"Progress has been uneven between and within countries, leaving increasing clusters of susceptible individuals unprotected, and resulting in a record number of people affected by the virus in 2018," it said.
It's not only Europe that has been impacted by a spike in measles cases.
Madagascar, the island nation off the coast of East Africa, has experienced its worst measles outbreak in decades.
The secretary general of the ministry of health told CNN that more than 50,000 people have caught the disease since October 2018 and there have been more than 300 deaths - mostly children.
In the Philippines, there have been more than 1,800 measles cases and 26 deaths so far this year, according to the country’s Department of Health Epidemiology Bureau.
This represents a 74 per cent increase from 2018.
Measles outbreaks have also sprung up in in more than a dozen US states since the start of 2019.
According to the Washington Post, at least 55 people in Washington and neighboring Oregon have gotten sick with the virus, with new cases tallied almost daily.
Measles alert in Australia
In NSW there have been 11 cases of Measles since Christmas.
A man and a baby became ill upon returning home on a flight to Sydney from the Philippines in January.
Source: AAP Image/EPA/FRANCIS R. MALASIG
The case prompted NSW Health to urge people travelling to South East Asia to ensure they are fully vaccinated before heading overseas.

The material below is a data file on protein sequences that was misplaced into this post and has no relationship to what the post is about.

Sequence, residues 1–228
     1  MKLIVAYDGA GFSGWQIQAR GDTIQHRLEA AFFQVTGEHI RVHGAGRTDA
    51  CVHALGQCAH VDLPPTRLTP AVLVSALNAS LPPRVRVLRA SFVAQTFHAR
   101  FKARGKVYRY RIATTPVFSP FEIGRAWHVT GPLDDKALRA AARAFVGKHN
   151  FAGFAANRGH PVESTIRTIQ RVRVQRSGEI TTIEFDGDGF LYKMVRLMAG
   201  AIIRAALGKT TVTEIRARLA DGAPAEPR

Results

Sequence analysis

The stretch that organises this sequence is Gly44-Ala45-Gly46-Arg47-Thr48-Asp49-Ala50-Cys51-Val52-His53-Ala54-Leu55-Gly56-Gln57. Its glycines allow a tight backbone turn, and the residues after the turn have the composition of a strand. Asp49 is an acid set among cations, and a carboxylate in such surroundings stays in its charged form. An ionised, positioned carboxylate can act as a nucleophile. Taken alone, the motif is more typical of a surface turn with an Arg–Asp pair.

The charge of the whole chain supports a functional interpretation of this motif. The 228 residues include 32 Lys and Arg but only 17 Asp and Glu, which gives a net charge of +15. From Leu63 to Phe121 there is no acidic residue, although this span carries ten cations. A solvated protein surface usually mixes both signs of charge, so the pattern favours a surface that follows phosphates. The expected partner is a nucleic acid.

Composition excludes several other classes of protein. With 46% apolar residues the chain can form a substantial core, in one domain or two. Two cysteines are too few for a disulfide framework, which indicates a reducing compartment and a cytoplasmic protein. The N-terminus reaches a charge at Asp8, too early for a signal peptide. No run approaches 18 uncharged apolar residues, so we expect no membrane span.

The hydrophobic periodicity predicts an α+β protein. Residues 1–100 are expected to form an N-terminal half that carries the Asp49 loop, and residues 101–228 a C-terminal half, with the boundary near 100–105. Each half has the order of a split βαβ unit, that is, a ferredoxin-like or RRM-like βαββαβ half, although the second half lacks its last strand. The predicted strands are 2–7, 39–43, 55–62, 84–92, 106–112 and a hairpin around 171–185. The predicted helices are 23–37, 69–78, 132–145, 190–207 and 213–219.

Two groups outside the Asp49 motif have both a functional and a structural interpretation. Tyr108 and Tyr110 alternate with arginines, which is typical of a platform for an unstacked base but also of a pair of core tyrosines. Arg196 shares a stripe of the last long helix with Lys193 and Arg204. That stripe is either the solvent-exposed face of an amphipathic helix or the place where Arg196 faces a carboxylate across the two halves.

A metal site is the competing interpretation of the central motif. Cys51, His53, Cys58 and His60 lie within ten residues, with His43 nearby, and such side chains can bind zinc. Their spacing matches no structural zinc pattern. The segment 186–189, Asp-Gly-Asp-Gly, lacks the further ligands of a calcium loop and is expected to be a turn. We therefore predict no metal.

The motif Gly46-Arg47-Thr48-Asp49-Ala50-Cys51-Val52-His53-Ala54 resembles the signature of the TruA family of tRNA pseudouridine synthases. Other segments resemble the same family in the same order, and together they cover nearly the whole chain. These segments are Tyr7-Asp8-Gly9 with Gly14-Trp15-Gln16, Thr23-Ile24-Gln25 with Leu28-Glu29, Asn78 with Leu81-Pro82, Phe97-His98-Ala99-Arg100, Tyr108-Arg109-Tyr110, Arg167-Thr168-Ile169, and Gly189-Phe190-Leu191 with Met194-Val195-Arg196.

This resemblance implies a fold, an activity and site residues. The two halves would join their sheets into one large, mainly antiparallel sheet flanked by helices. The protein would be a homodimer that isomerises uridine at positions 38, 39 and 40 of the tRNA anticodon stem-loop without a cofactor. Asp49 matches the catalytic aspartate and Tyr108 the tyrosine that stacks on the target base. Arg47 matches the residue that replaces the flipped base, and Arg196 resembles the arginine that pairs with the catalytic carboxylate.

"Outbreaks of measles in popular tourist destinations mean the risk for measles being imported into Australia at the moment is high," said Dr Vicky Sheppeard, Director Communicable Diseases NSW Health.
What is Measles?
Measles is a highly contagious viral disease that can cause hearing loss and brain disorders in children and, in severe cases, can kill.
Symptoms of measles include fever, sore eyes and a cough, followed three or four days later by a red, blotchy rash spreading from the head and neck to the rest of the body.
Experts agree vaccination coverage needs to be around 95 per cent to prevent the virus circulating in communities - so-called "herd immunity".
Rise in infections blamed on immunisation 'gaps'
Gaps in vaccination coverage, complacency about the disease and a resistance by some parents to have their children immunised has been blamed for the concerning rise in infections.
In many countries, anti-vaccine campaigners seek to dissuade parents from getting their children immunized, despite strong scientific evidence that vaccines are safe and effective.
In Italy, the co-ruling anti-establishment Five Star Movement has questioned the safety of some vaccines and loudly denounced efforts to make vaccinations mandatory.
WHO European director, Zsuzsanna Jakab
(Immunization) gaps at local level still offer an open door to the virus
In the WHO’s European region, which covers nearly 900 million people, some 82,600 in 47 countries contracted measles last year - the highest number this decade. Of those, 72 cases were fatal.
In 34 of these countries, estimated coverage with a second dose of measles vaccine was below 95 perc ent.
"(Immunisation) gaps at local level still offer an open door to the virus," said the WHO’s European director, Zsuzsanna Jakab.
Heidi Larson, a specialist in vaccines and public health at the London School of Hygiene and Tropical Medicine, said the increase in cases was a "wake-up call" on the importance of building confidence in vaccination.
A report published by the European Commission last year and compiled by a team led by Larson found that measles immunization coverage has fallen in 12 EU countries since 2010, and that seven out of the 10 countries with the lowest vaccine confidence in the world are in Europe.